Definition of Piroplasm

1. Noun. Minute parasite of red blood cells of mammals transmitted by a tick and causing diseases of domestic animals.

Generic synonyms: Sporozoan
Group relationships: Babesiidae, Family Babesiidae



Definition of Piroplasm

1. Noun. (alternative form of piroplasma) ¹

¹ Source: wiktionary.com

Definition of Piroplasm

1. [n -S]

Medical Definition of Piroplasm

1. Class of Protista, Phylum Apicomplexa (Sporozoa or Telosporidea), which includes Babesia. This entry appears with permission from the Dictionary of Cell and Molecular Biology (11 Mar 2008)

Piroplasm Pictures

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Lexicographical Neighbors of Piroplasm

pirnies
pirnit
pirns
piroctone olamine
pirog
pirogen
piroghi
pirogi
pirogies
pirogis
pirogue
pirogues
pirojki
piromen
piromidic acid
piroplasm (current term)
piroplasma
piroplasmata
piroplasmida
piroplasmosis
piroplasms
piroque
piroques
piroshki
pirouette
pirouetted
pirouettes
pirouetting
piroxicam

Literary usage of Piroplasm

Below you will find example usage of this term as found in modern and/or classical literature:

1. Tropical Diseases: A Manual of the Diseases of Warm Climates by Patrick Manson (1919)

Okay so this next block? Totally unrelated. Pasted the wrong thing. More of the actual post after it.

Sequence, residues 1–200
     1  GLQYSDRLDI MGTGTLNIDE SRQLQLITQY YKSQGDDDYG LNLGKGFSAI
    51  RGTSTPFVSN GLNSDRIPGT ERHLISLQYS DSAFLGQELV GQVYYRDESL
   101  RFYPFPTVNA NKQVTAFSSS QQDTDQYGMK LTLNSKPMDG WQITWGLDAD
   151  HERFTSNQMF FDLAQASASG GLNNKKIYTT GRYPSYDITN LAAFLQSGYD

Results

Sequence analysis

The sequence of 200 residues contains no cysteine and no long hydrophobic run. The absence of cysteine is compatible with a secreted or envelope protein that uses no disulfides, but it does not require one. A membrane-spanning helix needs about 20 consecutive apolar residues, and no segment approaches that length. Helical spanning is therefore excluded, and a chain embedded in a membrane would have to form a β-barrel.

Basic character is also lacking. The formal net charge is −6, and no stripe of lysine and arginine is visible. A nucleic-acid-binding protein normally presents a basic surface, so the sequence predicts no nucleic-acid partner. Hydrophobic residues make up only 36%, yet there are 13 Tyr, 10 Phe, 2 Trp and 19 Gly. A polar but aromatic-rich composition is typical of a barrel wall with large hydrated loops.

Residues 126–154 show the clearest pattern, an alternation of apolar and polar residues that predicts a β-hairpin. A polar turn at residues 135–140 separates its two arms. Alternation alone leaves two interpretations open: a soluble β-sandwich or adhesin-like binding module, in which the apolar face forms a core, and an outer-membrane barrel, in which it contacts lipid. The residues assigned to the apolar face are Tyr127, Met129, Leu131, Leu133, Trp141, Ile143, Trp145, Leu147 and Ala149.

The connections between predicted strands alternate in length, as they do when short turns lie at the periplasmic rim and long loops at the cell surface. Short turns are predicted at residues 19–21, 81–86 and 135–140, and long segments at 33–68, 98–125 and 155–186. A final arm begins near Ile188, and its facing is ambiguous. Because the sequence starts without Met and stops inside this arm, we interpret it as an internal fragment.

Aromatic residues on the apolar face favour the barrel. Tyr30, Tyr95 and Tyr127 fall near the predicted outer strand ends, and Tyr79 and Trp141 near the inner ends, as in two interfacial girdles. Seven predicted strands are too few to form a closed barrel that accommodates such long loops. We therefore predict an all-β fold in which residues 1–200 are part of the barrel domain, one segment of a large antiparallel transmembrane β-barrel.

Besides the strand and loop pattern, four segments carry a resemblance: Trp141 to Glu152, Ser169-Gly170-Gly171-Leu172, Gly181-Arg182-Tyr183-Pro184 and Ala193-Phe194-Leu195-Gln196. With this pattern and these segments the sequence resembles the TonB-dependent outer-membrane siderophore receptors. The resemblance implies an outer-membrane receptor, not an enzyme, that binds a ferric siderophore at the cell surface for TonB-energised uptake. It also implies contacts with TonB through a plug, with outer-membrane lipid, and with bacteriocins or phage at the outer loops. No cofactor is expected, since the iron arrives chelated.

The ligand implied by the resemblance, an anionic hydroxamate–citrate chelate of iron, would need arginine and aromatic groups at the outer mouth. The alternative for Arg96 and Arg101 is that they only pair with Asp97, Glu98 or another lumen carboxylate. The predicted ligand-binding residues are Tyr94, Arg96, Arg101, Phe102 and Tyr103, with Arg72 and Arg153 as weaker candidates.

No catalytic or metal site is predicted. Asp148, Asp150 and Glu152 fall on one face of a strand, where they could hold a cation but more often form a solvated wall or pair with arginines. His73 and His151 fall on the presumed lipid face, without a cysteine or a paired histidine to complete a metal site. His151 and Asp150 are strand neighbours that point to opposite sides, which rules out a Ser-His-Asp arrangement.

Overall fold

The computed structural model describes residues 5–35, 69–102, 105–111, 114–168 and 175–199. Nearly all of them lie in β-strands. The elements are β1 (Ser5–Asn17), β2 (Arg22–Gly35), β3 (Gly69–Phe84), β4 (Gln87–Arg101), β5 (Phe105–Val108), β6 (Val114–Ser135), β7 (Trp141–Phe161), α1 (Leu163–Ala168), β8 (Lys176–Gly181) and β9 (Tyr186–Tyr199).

"Within the red cell the piroplasm consists of little save vacuolated protoplasm and a simple nucleus. The parasites are said to exhibit a certain amount of ..."

2. Manual of bacteriology by Robert Muir, James Ritchie (1913)
"... the development in the organism, in the stomach of the tick, of spiked protoplasmic processes sprouting out from the broad end of the piroplasm, ..."

3. Practical Bacteriology, Blood Work and Animal Parasitology: Including by Edward Rhodes Stitt (1920)
"It is not generally accepted that this, the parasite of Oroya fever, is a piroplasm. The parasite was noted by Barton in 1905 and 1909 and studied by Strong ..."

4. Proceedings of the Academy of Natural Sciences of Philadelphia (1921)
"The presence of the piroplasm in the cell would in all probability render it more susceptible to any destructive influence. In the parasitized cells, ..."

5. Practical Bacteriology, Blood Work and Animal Parasitology: Including by Edward Rhodes Stitt (1916)
"... which are very important in diseases of domesticated animals, but not for man, are those of the piroplasm type. ..."

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